Charlie Munger's 3 Categories of Investment: In, Out & Too Tough Investment Wisdom

33. DJCO Annual Meeting 2016: Part VI – Lesson 26-30

Lesson 26: Philanthropy Through Dormitories: Why Not? Doesn’t Have To Be World Peace All The Time You Know.

Question: Would you please recommend some books that you’ve enjoyed lately?

Answer: Well you people send me books, like 30 a week.  That I tend to skim them so rapidly that I no longer develop the joy of reading I use to when I picked a few books of my own to read. (laughter) So you’re ruining my judgment of books.  I can’t resist reading the damn things when you send them to me.  No I skim a lot of them, and I like each one in its way, because it’s different from anything else I normally do.  But I’m no longer a good book source.

Question: Regarding philanthropic work, what inspired you and what results do you look for?

Answer: Well, I never wanted to tackle problems like world peace.  I read enough biographies.  Carnegie thought he was so smart and so rich, so he thought that he’d use his money to create world peace…I watched Carnegie try to do it and I decided that if he couldn’t do it, then I’m going to leave it alone.  So I don’t take up those big subjects.

I like to create dormitories, science teaching facilities, stuff like that.  It’s a pretty modest activity, but it’s interesting to me, and it’s easy to do them better than most people do them.  I have no feeling that I have any advantage about bringing about world peace, but I am pretty good at dormitories.  So I do what I’m good at, and I suggest that all of you do the same thing.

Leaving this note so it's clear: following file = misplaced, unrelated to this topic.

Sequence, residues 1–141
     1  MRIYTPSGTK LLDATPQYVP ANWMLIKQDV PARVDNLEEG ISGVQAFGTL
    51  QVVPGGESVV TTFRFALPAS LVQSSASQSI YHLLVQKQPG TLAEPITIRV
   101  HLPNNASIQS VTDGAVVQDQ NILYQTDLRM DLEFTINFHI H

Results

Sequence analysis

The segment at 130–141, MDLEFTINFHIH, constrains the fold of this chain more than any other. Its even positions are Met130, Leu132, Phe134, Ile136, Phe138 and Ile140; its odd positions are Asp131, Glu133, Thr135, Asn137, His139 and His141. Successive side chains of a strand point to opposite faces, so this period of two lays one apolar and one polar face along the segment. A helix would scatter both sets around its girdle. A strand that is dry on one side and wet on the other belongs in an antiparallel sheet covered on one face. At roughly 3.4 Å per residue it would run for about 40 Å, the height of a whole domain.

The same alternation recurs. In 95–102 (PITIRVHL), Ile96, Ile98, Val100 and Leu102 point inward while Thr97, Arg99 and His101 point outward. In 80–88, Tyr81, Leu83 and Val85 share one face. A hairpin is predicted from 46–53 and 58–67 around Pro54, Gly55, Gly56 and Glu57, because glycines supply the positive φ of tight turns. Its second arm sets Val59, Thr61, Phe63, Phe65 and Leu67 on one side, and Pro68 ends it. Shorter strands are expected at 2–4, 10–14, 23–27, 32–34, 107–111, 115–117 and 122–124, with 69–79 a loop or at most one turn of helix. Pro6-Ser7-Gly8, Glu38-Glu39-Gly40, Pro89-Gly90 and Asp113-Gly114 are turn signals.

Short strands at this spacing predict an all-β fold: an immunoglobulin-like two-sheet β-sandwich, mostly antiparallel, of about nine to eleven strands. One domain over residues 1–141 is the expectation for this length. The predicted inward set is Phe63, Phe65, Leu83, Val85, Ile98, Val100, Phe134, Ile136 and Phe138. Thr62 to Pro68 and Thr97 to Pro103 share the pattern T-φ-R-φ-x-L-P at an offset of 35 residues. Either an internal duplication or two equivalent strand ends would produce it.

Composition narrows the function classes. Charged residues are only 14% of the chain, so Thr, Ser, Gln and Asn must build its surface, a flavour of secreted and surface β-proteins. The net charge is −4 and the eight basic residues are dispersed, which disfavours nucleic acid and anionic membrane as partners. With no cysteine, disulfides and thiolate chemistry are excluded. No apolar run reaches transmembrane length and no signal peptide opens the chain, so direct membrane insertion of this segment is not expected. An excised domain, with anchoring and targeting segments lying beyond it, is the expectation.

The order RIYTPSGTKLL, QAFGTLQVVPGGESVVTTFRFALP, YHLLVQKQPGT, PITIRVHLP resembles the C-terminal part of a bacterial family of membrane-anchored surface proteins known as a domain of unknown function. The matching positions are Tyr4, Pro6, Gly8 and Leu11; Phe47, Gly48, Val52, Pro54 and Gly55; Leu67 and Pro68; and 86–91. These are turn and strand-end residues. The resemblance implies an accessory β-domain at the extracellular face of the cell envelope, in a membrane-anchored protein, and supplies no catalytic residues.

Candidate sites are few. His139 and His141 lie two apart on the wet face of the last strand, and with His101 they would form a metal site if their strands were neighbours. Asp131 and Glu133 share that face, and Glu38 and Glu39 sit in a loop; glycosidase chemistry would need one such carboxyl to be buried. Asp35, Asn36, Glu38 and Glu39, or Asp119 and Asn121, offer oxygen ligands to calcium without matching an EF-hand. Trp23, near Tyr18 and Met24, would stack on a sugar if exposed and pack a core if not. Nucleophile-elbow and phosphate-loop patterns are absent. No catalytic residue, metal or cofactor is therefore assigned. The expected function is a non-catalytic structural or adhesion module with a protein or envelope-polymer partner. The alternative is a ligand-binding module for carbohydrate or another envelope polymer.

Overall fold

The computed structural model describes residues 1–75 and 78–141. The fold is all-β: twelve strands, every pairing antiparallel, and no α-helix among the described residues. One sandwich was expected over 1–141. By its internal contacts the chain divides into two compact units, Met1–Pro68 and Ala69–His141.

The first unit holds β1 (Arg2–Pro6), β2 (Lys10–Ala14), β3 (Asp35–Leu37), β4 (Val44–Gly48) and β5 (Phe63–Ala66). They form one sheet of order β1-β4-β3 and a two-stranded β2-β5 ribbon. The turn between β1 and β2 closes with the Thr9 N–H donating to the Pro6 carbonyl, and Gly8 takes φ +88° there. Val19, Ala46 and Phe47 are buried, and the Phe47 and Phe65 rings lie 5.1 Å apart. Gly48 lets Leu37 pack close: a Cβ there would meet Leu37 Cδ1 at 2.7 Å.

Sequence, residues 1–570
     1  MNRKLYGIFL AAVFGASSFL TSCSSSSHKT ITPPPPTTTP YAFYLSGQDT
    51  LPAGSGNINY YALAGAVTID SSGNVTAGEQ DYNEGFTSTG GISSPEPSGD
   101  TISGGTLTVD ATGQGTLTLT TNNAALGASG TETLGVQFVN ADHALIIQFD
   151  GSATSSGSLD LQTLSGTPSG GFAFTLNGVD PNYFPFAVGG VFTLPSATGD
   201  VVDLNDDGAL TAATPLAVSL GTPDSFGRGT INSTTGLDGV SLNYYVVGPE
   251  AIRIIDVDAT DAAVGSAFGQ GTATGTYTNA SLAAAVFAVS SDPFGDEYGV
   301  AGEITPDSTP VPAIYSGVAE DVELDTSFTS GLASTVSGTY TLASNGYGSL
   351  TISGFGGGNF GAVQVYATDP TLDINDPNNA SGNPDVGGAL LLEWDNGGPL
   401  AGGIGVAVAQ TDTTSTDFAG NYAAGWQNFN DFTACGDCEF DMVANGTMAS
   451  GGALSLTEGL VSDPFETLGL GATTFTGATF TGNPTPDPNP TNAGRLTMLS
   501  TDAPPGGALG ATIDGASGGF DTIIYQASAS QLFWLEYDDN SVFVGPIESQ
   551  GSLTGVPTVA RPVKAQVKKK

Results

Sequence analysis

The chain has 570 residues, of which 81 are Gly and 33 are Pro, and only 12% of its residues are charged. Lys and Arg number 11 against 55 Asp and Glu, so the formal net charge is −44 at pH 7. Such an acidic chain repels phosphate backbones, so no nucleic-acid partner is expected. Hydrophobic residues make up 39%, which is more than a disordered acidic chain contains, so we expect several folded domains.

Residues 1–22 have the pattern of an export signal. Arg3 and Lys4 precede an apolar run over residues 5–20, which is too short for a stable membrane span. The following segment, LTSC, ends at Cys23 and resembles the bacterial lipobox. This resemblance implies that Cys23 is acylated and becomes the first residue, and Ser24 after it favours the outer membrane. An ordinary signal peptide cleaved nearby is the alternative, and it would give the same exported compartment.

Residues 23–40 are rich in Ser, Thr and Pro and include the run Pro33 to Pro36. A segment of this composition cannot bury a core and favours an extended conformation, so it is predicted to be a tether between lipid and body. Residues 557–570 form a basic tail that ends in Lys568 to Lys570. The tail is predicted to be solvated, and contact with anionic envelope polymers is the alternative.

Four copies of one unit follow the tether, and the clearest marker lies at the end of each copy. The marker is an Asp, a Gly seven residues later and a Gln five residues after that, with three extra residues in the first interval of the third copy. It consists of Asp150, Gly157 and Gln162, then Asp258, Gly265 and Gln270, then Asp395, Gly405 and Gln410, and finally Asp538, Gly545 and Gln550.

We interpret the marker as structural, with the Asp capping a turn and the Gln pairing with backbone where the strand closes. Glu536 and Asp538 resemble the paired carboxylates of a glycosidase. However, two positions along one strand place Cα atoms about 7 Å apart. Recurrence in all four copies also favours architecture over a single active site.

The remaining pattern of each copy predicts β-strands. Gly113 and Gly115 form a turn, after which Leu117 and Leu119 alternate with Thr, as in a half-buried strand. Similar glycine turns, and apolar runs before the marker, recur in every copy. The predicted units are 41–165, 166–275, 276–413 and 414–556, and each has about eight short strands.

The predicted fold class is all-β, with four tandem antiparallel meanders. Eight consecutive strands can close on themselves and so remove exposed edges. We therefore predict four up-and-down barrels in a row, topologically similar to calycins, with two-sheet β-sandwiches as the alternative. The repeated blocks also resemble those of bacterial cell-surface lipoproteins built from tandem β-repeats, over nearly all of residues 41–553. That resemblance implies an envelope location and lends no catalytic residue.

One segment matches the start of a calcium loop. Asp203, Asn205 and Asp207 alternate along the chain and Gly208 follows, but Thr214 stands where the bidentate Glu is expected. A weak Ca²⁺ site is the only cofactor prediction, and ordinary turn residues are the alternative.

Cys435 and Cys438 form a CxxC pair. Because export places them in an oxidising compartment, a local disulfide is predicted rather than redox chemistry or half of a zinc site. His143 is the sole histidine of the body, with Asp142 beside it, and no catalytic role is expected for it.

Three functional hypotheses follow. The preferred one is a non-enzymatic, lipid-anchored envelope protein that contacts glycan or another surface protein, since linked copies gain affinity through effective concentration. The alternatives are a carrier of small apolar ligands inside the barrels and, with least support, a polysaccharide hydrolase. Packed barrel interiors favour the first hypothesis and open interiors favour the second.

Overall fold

Lesson 27: Why You Shouldn’t Be Jealous Of Tiger Woods. Aristotle said: “People will cheerfully tolerate considerable differences of outcome if they seem deserved.”  Nobody minds the fact that Tiger Woods has a big income because he’s the best golfer who’s ever lived.

Question:

Mr. Buffett has stated that he believes that income inequality is an issue that needs to be addressed.  With Senator Sanders, he has built his campaign around this issues.  And with so many from my generation starting to “feel the Bern”, how would you address this issue?

Answer:

Well, that’s a very good question because it’s…we’ve had Piketty and then Sanders.  My attitude is that both Sanders and Piketty are a little nuts.  People who really were passionate about egality and wanted to bring it about by government action, gave us things like the Soviet Union, with all the death and agony and the poverty they have now in spite of (having egality).  And Communist China, they got egality, and think of the unnecessary deaths.  North Korea?

I’m suspicious for all of this passion for egality that has such bad examples.  On the other hand, if you want to look at what non-egality brings us.  Let’s just take Communist China.  Communist China had egality, meaning that three fourths of their people were dirt poor, subsistence level poor.  But they had the advantage of being equal.  They were all struggling to get enough to eat.  And of course when they adopted private property and more property rights, and so on, what they got was living standards that had advanced by a factor of 10 or so more quickly than anyone ever had.  But of course they had a lot more inequality.  You have all of these rich Chinese.   I think it’s been a very good bargain for the Chinese to have.

In other words, I don’t think Bernie Sanders understands this at all.  He doesn’t want to understand it.  He has a religion.  He’s had it for 30 years.  He’s a Johnny one note.  It doesn’t matter.  As an intellectual he’s a disgrace.  I think that we’d all be glad to have him marry into the family, but as a thinker he’s…pretty bad.  Now I don’t think he’s any worse than some of our Republicans, but at least they’re crazy in a different way.